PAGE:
• Question clarification would certainly help. I too do not understand what exactly the OP is seeking help with. Commented Mar 26, 2014 at 16:14
  • @MarkB: Yeah--the basic problem with that is that the standard doesn't mandate using a red-black tree (or a tree at all). There are implementations of map that don't use red-black trees. Commented Mar 26, 2014 at 16:56
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    @Jerry Coffin Just for my own information, what non-tree container fulfills the complexity requirements of map? (We agree that it doesn't mandate using a red-black tree)
    – Mark B
    Commented Mar 26, 2014 at 18:29

A hash table requires an additional hash function. The current implementation of map which uses a tree can work without an extra hash function by using operator<. Additionally the map allows sorted access to elements, which may be beneficial for some applications. With C++ we now have the hash versions available in form of unordered_set.

  • The copy constructor and assignment operator =, as well as the < and == operators should be defined for the element(s) being stored in the container (e.g. map, vector, list, deque, etc.). Consequently, both copying and comparing are fully supported. Commented Mar 26, 2014 at 15:41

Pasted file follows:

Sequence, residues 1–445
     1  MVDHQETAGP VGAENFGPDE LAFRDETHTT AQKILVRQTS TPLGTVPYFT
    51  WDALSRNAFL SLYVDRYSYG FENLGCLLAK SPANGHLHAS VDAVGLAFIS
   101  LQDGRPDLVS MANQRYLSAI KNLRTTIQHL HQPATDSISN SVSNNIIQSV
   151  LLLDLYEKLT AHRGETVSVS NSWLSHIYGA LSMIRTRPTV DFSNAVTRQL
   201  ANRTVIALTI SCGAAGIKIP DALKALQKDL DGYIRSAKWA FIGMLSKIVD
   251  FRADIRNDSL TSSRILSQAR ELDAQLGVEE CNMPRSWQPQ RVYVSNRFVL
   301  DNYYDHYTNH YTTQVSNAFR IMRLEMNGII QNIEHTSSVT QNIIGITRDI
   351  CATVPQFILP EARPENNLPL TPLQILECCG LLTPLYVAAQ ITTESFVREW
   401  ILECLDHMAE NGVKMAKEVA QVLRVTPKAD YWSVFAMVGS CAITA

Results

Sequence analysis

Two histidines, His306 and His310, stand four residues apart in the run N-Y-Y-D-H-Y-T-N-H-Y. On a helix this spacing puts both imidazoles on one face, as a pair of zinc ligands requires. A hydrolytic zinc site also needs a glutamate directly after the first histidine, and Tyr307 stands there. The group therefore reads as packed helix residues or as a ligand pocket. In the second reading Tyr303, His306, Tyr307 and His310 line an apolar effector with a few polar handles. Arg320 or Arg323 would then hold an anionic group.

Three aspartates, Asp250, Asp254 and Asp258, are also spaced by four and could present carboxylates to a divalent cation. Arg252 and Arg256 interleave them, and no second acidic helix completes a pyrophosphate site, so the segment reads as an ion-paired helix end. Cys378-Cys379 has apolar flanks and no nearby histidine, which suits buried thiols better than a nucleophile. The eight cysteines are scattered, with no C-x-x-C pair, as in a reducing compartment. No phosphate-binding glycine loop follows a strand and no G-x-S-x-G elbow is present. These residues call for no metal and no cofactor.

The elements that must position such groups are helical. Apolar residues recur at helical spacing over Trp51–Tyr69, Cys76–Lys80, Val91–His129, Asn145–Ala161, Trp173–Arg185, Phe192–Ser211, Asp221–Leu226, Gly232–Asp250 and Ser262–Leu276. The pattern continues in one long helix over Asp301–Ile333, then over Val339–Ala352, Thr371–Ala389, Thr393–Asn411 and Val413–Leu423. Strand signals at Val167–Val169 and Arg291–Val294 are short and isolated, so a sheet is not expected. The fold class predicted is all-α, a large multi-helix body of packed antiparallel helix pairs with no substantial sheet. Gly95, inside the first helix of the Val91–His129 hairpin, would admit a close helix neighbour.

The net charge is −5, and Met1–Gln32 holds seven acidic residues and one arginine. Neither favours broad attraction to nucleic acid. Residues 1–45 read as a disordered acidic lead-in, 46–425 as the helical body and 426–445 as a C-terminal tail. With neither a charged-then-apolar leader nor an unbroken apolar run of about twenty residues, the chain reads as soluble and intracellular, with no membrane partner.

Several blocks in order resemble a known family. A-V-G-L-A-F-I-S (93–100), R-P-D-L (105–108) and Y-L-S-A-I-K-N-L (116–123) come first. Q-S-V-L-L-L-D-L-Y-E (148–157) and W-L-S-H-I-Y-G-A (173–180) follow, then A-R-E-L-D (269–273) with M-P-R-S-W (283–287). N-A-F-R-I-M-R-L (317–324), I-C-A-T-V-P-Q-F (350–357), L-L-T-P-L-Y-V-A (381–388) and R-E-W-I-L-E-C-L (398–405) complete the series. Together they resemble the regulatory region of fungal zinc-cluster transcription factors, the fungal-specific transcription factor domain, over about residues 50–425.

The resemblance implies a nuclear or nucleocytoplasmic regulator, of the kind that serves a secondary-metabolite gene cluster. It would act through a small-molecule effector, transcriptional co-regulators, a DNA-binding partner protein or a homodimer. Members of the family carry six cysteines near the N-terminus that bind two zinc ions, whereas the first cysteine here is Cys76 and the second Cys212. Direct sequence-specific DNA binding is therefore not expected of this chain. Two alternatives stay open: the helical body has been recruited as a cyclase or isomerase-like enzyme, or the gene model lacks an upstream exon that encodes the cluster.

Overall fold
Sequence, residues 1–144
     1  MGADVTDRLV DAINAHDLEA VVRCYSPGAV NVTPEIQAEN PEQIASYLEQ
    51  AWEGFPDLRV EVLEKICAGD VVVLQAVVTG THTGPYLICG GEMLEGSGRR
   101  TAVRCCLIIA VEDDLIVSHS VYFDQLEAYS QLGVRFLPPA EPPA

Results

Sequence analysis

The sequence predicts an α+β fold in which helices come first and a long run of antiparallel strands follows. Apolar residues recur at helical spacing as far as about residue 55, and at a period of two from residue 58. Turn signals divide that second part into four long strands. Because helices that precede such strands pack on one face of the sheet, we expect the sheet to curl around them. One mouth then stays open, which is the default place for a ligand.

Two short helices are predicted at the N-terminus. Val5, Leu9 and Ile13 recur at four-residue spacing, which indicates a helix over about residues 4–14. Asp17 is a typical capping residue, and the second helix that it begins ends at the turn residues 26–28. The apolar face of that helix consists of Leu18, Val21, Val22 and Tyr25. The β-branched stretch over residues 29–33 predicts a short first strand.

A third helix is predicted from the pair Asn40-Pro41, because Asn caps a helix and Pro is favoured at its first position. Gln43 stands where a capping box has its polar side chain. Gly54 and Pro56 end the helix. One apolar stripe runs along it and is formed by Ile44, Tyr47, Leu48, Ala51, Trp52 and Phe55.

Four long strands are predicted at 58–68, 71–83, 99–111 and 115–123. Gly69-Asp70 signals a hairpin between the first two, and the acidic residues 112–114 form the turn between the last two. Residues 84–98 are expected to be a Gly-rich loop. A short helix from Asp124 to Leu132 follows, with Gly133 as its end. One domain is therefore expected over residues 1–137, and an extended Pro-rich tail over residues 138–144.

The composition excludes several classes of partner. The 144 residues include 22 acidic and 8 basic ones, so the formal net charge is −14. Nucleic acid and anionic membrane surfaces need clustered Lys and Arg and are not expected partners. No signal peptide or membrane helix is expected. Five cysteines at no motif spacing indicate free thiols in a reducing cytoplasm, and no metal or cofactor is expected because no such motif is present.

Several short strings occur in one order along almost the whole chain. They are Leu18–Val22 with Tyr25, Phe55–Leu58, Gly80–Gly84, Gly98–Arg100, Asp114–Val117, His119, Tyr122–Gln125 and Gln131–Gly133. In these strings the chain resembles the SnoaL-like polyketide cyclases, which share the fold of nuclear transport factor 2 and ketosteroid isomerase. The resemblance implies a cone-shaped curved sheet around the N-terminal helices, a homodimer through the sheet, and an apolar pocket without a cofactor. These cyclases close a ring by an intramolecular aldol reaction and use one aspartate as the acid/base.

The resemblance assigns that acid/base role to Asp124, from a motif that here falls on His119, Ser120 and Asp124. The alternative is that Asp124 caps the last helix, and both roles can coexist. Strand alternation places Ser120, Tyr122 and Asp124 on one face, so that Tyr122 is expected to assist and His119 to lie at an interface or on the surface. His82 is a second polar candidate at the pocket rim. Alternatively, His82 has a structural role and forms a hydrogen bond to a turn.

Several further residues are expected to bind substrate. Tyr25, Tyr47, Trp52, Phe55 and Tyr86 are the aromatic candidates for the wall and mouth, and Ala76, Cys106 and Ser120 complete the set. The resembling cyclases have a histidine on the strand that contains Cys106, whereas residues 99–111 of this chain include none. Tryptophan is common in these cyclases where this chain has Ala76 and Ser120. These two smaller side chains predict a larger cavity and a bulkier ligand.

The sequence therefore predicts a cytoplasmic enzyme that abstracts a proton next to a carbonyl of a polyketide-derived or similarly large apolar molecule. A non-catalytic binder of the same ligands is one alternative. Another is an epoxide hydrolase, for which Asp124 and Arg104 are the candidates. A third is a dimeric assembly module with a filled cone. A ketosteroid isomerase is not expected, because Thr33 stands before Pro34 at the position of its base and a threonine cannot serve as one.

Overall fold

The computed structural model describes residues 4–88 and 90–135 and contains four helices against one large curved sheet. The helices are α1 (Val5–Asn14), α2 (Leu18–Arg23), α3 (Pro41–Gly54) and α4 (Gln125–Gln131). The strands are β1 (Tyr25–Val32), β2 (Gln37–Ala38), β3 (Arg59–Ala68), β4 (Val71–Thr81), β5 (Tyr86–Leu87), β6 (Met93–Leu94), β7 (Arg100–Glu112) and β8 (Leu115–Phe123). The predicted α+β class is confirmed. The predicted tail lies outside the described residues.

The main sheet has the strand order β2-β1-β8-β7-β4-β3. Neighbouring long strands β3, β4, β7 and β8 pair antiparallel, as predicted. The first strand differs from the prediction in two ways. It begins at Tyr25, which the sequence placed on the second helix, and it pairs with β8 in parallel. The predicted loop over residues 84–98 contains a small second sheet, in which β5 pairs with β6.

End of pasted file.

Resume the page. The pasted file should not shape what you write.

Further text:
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    @cplusplus ooa and d Do you have a reference for this? I never heard of == being a requirement of any container.
    – MatthiasB
    Commented Mar 26, 2014 at 15:44
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    @MatthiasB: I'm reasonably certain it's not a requirement for any container (though it is used by a few algorithms, such as std::find). Containers that need to compare for equality do it using <: (!a<b) && (!b<a) implies a==b. Commented Mar 26, 2014 at 15:47
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    @GWW std::map does not use operator< directly, there are two indirections at work: I) std::map<K, V> is just a short-hand for std::map<K, V, std::less<K>> and II) the default implementation of std::less uses operator<. So you could specialize std::less<X> for a certain type X to use something other than operator<, or (more realistically) you could parameterize the map explicitly with a different comparator, for example std::map<K, V, std::greater<K>> to store the keys in descending order. Commented Mar 26, 2014 at 17:02
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    @CPlusPlusOOAandD: I can pretty much predict the results: having/lacking == will make no difference. A type that doesn't define < simply won't compile unless you also specify something to to the comparison when you (attempt to) instantiate the map. Commented Mar 26, 2014 at 17:31

Simple answer: because a hash table cannot satisfy the complexity requirements of iteration over a std::map.

Why does std::map hold these requirements? Unanswerable question. Historical factors contribute but, overall, that's just the way it is.

Hashes are available as std::unordered_map.

It doesn't really matter what the two are called, or what they're called in some other language.